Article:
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COP Presidency: Objectives

Volume 718: debated on Wednesday 20 July 2022

The Glasgow climate pact was a historic agreement that the United Kingdom forged among almost 200 countries. Our presidency year has been all about getting nations to deliver on the commitments they made at COP26 across the areas of mitigation, adaptation and finance, and we will continue this work up to COP27.

The heatwave this week shows the need to take serious and immediate action on climate change. The Glasgow call for a phase-out of inefficient fossil fuel subsidies is one prompt way in which the Government can swiftly work towards delivering net zero plans. Does the Minister agree that instead of fossil fuel subsidies, the Government should focus on home-grown, cheap, clean energy sources that guarantee our energy security?

The Government are focusing on that, and I refer the hon. Gentleman to the energy security strategy that was published a few weeks ago, and also to the recent contracts for difference auction process for offshore wind, which delivered a price for offshore wind that is almost 70% lower than in 2015 and four times less than the current gas price. The future has to be green energy.

Our schools often set a great example in raising awareness of the climate emergency. On my recent visit to Ysgol Rhyd-y-Grug in my constituency, the pupils told me of their concerns about deforestation in the Amazon and about the 1 million species at risk of extinction. We must urgently halt and reverse this loss, so will the right hon. Gentleman support the call, led by my hon. and right hon. Friends on the shadow Front Bench, for a “net zero with nature” test to align all public spending and infrastructure decisions with our climate and nature commitments?

As the hon. Gentleman will know, we got an agreement at COP26 from more than 140 countries, representing more than 90% of the world’s forests, to halt and reverse deforestation by 2030. We now need to make sure this is delivered, and we are looking at mechanisms to keep this issue on the table so that countries are seen to be delivering on their commitments on an annual basis.

The COP26 President will have been as struck as I was at COP26 by the plight of low-lying island nations, and he will have been moved by how they are doing everything they can to protect themselves through nature-based solutions. Above all, they need the large, developed countries to tackle climate change. Will he redouble his efforts to persuade some of these large, developed countries to do better?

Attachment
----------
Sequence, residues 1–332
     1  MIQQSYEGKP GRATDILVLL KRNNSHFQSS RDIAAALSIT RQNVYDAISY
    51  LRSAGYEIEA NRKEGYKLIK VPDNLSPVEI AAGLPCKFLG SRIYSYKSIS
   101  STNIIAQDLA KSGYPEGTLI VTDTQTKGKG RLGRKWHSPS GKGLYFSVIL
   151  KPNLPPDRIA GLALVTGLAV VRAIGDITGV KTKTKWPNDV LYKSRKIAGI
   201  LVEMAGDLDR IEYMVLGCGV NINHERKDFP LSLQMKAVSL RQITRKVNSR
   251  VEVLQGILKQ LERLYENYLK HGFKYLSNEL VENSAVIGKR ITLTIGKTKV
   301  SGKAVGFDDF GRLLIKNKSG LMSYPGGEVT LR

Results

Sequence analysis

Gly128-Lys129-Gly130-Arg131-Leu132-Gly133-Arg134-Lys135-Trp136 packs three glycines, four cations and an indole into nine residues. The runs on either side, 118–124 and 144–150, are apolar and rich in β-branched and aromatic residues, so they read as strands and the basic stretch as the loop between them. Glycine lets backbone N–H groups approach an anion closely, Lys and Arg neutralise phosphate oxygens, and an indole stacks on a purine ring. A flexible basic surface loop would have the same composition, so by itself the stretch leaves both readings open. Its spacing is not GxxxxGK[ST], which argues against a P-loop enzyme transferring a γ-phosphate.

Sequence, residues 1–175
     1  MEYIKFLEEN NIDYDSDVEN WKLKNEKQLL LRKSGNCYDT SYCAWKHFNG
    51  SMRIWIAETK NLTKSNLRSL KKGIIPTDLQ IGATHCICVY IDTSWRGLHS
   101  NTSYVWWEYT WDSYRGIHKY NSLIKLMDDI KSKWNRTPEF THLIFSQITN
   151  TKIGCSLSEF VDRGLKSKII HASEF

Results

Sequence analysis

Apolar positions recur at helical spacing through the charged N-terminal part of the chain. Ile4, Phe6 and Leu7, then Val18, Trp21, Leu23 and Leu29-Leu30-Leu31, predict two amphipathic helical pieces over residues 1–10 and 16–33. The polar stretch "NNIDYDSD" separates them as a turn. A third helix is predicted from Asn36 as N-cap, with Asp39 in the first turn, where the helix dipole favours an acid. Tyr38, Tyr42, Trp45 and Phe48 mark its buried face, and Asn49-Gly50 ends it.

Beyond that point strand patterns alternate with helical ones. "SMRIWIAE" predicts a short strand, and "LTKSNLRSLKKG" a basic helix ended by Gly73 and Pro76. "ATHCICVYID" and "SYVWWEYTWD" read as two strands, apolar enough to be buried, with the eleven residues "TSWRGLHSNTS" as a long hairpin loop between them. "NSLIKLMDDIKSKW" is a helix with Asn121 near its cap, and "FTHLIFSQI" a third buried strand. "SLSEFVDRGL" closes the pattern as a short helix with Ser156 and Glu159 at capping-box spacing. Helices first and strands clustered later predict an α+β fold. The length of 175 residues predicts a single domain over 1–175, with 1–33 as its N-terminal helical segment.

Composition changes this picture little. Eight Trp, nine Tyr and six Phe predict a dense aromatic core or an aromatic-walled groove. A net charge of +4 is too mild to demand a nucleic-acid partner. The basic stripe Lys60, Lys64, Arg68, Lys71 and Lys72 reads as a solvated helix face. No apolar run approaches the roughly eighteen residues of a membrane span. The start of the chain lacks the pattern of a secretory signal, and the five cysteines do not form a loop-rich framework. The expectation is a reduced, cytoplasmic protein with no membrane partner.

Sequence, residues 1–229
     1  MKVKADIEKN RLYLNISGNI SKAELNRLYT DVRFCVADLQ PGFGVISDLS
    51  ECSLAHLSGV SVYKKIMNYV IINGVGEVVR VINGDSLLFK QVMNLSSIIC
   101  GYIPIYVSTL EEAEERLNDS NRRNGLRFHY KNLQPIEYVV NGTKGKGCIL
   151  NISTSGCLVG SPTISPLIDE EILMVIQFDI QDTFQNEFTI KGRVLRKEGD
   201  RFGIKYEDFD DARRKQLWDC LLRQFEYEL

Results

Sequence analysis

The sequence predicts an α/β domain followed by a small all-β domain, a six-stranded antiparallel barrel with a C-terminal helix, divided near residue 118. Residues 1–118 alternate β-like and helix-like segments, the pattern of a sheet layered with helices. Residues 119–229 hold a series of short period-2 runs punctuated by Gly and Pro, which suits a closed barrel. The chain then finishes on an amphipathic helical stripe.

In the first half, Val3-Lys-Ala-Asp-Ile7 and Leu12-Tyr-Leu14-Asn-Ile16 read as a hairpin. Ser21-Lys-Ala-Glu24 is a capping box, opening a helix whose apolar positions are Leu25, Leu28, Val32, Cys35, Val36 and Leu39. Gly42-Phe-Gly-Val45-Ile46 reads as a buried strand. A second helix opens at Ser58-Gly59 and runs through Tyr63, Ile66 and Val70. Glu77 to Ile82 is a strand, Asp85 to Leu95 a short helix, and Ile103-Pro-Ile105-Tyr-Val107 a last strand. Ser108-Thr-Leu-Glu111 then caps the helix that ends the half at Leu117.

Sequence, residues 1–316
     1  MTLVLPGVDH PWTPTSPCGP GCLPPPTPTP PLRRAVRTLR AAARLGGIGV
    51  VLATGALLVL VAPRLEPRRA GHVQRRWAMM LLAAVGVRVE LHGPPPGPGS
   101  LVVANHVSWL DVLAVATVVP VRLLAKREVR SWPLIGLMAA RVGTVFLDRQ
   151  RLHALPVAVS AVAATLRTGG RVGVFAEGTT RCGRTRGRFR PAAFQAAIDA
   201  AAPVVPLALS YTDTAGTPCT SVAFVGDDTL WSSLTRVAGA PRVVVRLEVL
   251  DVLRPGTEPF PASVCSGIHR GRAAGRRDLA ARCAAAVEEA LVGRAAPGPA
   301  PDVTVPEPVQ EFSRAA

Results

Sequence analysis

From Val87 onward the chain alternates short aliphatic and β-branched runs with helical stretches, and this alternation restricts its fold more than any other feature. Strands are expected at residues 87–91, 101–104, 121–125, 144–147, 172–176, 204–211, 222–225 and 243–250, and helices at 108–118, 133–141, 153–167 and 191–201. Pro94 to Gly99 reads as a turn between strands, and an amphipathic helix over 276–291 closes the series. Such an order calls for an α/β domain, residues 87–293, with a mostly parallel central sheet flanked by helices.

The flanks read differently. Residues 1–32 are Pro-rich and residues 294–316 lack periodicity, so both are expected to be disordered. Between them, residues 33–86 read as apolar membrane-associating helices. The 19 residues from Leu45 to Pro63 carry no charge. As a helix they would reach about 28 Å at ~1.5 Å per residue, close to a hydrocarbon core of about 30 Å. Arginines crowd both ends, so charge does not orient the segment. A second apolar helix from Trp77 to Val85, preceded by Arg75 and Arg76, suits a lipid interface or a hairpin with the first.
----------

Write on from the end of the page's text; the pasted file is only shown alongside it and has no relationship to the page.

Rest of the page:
My right hon. and learned Friend is absolutely right. The small island developing states face a very acute climate emergency that is putting many millions of lives and livelihoods at risk. Yes, we need every country to come forward and deliver on its commitments, and particularly the biggest emitters: the G20.

The Department for Environment, Food and Rural Affairs published some excellent new targets for incineration in March. Will the COP26 President follow through on that and make a moratorium on waste incineration one of his objectives for the remainder of his presidency?

In this role, as my right hon. Friend knows, I am trying to corral international action. He raises an important point, and I will make sure it is raised with the appropriate Department.

Last month the Climate Change Committee issued a scathing annual progress report warning of “major policy failures” and “scant evidence of delivery” on net zero. This week, as we have heard, the Government had to be dragged to court to be told their climate plans are so woefully inadequate that they are unlawful and must be revised.

What kind of leadership does it set if the country holding the COP presidency cannot get its own house in order? I know the COP President will say that the Conservative party’s leadership candidates have paid lip service to net zero, but does he really have any confidence that things will get better?

The Climate Change Committee has described the net zero strategy as “ambitious” and

“the world’s most comprehensive plan to reach net zero”.

I have discussed the legal findings, but the principle is right. We need to do everything we can to make sure we deal with this issue. The last few days have been a real wake-up call for everyone in this country, and it is what many millions of people across the world experience on a regular basis. We have to deal with this issue.